Natural recolonisation is considered to be the most ecologically sound approach to the establishment of habitats such as woodlands, grasslands, ponds and riparian vegetation.
The creation of a woodland, grassland or pond habitat using this method is dependent on a source of seed from an adjacent similar habitat.
When selecting this approach, it is important to be aware that the establishment of the habitat will take a lot longer than habitats which are established through planting or seeding. The length of time varies depending on the habitat type and the proximity of the site to the donor habitat which will provide the seed source. Seeds will arrive into the recipient site either by wind (anemochory) or by animals (zoochory) such as birds and small mammals.
The soil type should be similar in nature to that of the intended habitat type (i.e. should be the same as the donor habitat). Sites should be located adjacent to or as close as possible to the donor habitat (i.e. the source of seeds or propagules).
Sometimes suitable soil needs to be brought into a site to ensure compatibility for natural recolonisation. Checking and monitoring for non-native species is important when considering the importation of soil to a site.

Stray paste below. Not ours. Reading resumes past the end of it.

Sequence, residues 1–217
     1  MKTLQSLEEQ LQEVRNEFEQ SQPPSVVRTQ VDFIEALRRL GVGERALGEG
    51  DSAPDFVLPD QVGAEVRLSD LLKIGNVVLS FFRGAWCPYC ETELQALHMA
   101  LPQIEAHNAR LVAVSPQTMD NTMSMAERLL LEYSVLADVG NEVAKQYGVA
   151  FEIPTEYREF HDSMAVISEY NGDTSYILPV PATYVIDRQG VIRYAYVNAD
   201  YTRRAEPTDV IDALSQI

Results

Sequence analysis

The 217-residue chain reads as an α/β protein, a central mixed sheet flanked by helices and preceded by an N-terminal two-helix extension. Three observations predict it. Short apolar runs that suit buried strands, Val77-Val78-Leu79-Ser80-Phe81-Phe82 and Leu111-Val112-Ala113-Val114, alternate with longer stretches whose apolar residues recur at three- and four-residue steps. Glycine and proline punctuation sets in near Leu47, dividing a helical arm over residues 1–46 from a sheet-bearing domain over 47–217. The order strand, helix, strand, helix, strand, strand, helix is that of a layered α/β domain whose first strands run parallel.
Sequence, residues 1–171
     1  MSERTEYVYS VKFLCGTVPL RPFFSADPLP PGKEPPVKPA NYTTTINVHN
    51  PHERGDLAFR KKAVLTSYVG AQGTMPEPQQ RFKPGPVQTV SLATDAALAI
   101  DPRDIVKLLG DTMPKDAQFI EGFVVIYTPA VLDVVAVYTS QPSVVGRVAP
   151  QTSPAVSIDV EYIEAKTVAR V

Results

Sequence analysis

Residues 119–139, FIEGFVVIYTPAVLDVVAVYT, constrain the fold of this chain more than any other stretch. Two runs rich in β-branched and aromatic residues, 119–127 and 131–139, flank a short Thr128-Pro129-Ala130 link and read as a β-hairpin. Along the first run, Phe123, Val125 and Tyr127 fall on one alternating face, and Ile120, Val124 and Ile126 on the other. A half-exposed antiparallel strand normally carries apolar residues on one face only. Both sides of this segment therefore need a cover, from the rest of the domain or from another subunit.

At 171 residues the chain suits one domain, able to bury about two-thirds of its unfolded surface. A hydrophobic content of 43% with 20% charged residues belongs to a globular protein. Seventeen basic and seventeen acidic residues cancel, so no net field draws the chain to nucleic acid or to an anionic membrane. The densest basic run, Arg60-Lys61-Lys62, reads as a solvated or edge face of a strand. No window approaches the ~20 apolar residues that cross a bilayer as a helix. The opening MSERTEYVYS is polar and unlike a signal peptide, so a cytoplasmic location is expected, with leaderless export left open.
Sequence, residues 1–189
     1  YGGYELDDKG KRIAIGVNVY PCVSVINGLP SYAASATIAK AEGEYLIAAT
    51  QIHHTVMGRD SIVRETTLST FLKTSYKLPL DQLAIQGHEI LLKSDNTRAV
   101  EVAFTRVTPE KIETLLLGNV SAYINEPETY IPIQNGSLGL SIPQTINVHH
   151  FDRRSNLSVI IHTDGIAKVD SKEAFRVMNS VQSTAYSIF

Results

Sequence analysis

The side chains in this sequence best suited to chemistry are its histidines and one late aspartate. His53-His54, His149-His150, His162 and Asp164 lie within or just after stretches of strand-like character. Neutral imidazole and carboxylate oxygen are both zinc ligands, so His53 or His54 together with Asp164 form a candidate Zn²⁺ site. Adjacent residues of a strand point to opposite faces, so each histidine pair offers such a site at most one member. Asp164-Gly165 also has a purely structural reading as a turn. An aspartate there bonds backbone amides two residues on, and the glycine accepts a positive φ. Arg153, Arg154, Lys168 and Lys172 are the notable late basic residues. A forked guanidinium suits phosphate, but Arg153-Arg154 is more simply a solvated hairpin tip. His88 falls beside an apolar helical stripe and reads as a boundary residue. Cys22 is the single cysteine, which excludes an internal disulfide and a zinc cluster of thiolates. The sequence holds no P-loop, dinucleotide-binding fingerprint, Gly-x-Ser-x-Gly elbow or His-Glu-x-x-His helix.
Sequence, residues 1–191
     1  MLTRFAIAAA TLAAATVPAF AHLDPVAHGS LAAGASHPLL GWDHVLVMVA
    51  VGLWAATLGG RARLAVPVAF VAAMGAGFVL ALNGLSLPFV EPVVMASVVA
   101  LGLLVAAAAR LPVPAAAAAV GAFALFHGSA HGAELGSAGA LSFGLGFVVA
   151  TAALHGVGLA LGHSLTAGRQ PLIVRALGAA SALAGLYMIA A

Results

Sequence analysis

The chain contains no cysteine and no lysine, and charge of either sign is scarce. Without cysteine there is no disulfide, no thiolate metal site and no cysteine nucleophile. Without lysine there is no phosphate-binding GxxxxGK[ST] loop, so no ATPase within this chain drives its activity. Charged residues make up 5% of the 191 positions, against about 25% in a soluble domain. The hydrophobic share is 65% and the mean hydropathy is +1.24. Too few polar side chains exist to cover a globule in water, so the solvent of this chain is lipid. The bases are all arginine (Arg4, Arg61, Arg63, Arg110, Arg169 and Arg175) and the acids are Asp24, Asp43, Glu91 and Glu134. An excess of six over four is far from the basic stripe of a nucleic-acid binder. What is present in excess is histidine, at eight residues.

The process of natural recolonisation can be assisted by planting. For example, when establishing an Oak-ash-hazel woodland (WN2), oak and ash whips of local or Irish provenance may be planted in a site to establish the woodland canopy. The understorey and ground flora species will gradually colonise the site over time, especially if adjacent to a WN2 woodland. If the site is immediately adjacent to WN2 woodland natural regeneration can be accelerated during ‘mast’ years by ‘scarifying’ (shallow ploughing with a harrow) the topsoil prior to seed fall to provide a good seed bed for the resultant seed. This applies to the development of any native woodland type.
In addition, soil can be brought in from a donor habitat which contains the seed bank of the habitat which you want to recreate. This often occurs where a proposed development may disturb a habitat, and as part of the landscape mitigation plan the soil from the habitat must be stripped prior to commencement of construction and utilised elsewhere to establish a compensatory habitat. The seed bank contained within the soil will speed up the natural recolonisation process.
Sods or ‘plugs’ from a donor site can also be utilised to complement planting. This approach requires the lifting of small sections of sod from a donor habitat ensuring that the sod contains both the plant and root stock and transporting it to the intended site where it is planted into the ground. This process provides a source of seed and a source of live plant material, which can grow and spread across the site. When considering this approach it is important to remember that the sods will need attention during storage and transportation to ensure that they do not dry out and may also need watering when they are placed in the ground.